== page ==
Elmberg, Johan
    Kristianstad University, School of Education and Environment, Avdelningen för Naturvetenskap. Kristianstad University, Research environment Man & Biosphere Health (MABH).
    Guillemain, Matthieu
    Gunnarsson, Gunnar
    Kristianstad University, School of Education and Environment, Avdelningen för Naturvetenskap. Kristianstad University, Research environment Man & Biosphere Health (MABH).
    Wild Mallards have more ”goose-like” bills than their ancestors2015Conference paper (Refereed)
    Abstract [en]

    Wild populations of the world’s most common dabbling duck, the Mallard (Anas platyrhynchos), run the risk of genetic introgression by farmed conspecifics released for hunting purposes. We tested whether bill morphology of free-living birds has changed since large-scale releases of farmed Mallards started. Three groups of Mallards from Sweden, Norway and Finland were compared: historical wild (before large-scale releases started), present-day wild, and present-day farmed. Higher density of bill lamellae was observed in historical wild Mallards (only males). Farmed Mallards had wider bills than present-day and historical wild ones. Present-day wild and farmed Mallards also had higher and shorter bills than historical wild Mallards. Present-day Mallards thus tend to have more ‘‘goose-like’’ bills (wider, higher, and shorter) than their ancestors. Our study suggests that surviving released Mallards affect morphological traits in wild population by introgression. We discuss how such anthropogenic impact may lead to a maladapted and genetically compromised wild Mallard population. Our study system has bearing on other taxa where large-scale releases of conspecifics with ‘alien genes’ may cause a cryptic invasive process that nevertheless has fitness consequences for individual birds.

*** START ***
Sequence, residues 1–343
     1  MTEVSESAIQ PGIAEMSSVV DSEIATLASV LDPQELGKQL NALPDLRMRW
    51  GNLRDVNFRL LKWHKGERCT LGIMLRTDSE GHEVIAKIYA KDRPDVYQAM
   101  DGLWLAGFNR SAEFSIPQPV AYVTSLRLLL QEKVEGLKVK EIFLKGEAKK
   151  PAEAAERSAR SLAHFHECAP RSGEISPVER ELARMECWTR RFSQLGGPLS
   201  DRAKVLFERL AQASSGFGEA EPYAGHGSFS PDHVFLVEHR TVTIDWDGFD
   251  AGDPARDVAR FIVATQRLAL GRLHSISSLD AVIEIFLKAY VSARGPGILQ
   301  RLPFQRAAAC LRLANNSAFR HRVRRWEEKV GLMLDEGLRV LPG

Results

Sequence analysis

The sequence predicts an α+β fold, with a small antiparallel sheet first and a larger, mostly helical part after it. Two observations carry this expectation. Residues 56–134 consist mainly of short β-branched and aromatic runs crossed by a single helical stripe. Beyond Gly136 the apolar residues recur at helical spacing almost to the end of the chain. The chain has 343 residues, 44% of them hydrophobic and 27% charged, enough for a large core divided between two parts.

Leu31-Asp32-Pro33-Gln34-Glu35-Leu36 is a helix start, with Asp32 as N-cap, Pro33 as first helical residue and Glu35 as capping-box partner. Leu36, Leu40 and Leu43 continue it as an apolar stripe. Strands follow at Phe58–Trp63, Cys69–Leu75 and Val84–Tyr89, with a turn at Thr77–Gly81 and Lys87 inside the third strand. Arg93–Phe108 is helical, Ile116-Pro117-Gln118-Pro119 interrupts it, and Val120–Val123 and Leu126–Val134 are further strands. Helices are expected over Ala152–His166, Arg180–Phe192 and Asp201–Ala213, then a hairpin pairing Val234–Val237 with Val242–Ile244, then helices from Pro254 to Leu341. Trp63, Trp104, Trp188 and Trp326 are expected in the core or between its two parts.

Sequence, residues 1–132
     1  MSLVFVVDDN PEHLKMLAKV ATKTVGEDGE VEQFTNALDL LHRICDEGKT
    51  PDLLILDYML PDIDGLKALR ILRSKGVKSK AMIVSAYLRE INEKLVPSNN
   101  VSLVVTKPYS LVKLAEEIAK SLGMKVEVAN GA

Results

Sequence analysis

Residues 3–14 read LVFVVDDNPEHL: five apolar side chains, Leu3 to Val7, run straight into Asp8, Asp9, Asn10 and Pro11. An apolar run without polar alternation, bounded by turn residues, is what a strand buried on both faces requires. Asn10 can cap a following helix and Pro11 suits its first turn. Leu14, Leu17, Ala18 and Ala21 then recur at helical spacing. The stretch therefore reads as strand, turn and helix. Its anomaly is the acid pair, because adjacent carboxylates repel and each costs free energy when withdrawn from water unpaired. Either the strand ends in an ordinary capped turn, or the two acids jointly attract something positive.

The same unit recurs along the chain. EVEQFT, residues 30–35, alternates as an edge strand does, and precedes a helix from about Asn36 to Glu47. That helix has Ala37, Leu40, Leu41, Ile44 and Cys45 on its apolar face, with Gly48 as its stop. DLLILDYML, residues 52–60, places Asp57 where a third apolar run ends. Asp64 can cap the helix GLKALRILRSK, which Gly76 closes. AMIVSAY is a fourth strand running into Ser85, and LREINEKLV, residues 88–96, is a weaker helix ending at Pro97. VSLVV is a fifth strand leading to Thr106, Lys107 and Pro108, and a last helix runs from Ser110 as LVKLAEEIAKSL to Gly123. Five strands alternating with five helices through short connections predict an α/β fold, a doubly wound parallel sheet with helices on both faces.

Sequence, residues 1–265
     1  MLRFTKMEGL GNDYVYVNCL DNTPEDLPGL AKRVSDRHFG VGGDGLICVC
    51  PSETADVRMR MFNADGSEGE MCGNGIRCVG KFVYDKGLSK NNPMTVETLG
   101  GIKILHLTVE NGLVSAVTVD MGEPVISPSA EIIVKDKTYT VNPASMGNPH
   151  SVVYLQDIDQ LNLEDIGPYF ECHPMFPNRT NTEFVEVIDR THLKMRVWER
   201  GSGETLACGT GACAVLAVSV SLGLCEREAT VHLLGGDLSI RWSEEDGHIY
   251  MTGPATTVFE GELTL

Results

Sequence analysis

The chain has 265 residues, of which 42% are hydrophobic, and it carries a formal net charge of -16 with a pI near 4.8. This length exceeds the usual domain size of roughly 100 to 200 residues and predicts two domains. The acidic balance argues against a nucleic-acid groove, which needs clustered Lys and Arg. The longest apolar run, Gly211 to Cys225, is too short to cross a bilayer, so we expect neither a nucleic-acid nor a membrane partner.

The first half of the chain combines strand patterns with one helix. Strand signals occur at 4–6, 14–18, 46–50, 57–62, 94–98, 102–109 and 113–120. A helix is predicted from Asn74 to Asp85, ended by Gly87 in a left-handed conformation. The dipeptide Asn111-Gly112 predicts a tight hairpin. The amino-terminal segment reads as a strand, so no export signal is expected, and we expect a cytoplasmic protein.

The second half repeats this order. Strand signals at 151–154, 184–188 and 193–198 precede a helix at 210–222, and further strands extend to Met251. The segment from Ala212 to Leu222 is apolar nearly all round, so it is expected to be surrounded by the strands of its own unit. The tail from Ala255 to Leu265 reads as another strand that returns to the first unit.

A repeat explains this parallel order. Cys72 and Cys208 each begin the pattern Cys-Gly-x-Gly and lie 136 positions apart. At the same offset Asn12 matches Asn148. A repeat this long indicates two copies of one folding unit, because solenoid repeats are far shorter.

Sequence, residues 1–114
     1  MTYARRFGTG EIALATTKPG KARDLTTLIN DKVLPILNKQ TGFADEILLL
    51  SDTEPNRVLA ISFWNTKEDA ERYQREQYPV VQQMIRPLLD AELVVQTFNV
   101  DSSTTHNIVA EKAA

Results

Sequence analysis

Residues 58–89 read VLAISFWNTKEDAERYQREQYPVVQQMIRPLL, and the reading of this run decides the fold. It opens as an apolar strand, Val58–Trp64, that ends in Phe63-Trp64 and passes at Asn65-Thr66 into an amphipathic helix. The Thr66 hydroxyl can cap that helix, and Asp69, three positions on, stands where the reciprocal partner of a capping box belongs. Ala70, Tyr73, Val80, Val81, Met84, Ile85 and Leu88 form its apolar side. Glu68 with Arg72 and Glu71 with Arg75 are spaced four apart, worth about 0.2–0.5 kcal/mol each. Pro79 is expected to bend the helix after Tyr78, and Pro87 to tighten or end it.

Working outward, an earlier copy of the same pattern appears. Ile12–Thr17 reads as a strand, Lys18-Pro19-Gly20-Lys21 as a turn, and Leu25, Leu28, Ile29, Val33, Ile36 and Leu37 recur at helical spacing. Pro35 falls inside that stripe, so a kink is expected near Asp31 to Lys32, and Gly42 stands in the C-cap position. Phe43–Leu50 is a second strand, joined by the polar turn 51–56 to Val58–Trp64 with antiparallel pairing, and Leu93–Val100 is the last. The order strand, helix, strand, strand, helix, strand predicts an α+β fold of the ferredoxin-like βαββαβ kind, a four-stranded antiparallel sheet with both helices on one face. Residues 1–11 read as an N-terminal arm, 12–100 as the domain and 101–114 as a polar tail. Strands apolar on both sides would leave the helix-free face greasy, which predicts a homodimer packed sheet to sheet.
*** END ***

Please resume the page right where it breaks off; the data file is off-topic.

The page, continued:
• 24.
    Söderquist, Pär
    et al.
    Kristianstad University, School of Education and Environment, Avdelningen för Naturvetenskap. Kristianstad University, Research environment Man & Biosphere Health (MABH).
    Norrström, Joanna
    Kristianstad University, School of Education and Environment.
    Elmberg, Johan
    Kristianstad University, School of Education and Environment, Avdelningen för Naturvetenskap. Kristianstad University, Research environment Man & Biosphere Health (MABH).
    Guillemain, Matthieu
    Office National de la Chasse et de la Faune Sauvage, CNERA Avifaune Migratrice, La Tour du Valat, Le Sambuc, Arles.
    Gunnarsson, Gunnar
    Kristianstad University, School of Education and Environment, Avdelningen för Naturvetenskap. Kristianstad University, Research environment Man & Biosphere Health (MABH).
    Wild mallards have more ‘‘goose-like’’ bills than their ancestors: a case of anthropogenic influence?2014In: PLoS ONE, ISSN 1932-6203, E-ISSN 1932-6203, Vol. 9, no 12, article id e115143Article in journal (Refereed)
    Abstract [en]

    Wild populations of the world’s most common dabbling duck, the mallard (Anas platyrhynchos), run the risk of genetic introgression by farmed conspecifics released for hunting purposes. We tested whether bill morphology of free-living birds has changed since large-scale releases of farmed mallards started. Three groups of mallards from Sweden, Norway and Finland were compared: historical wild (before large-scale releases started), present-day wild, and present-day farmed. Higher density of bill lamellae was observed in historical wild mallards (only males). Farmed mallards had wider bills than present-day and historical wild ones. Present-day wild and farmed mallards also had higher and shorter bills than historical wild mallards. Present-day mallards thus tend to have more “goose-like” bills (wider, higher, and shorter) than their ancestors. Our study suggests that surviving released mallards affect morphological traits in wild population by introgression. We discuss how such anthropogenic impact may lead to a maladapted and genetically compromised wild mallard population. Our study system has bearing on other taxa where large-scale releases of conspecifics with ‘alien genes’ may cause a cryptic invasive process that nevertheless has fitness consequences for individual birds.

1 - 24 of 24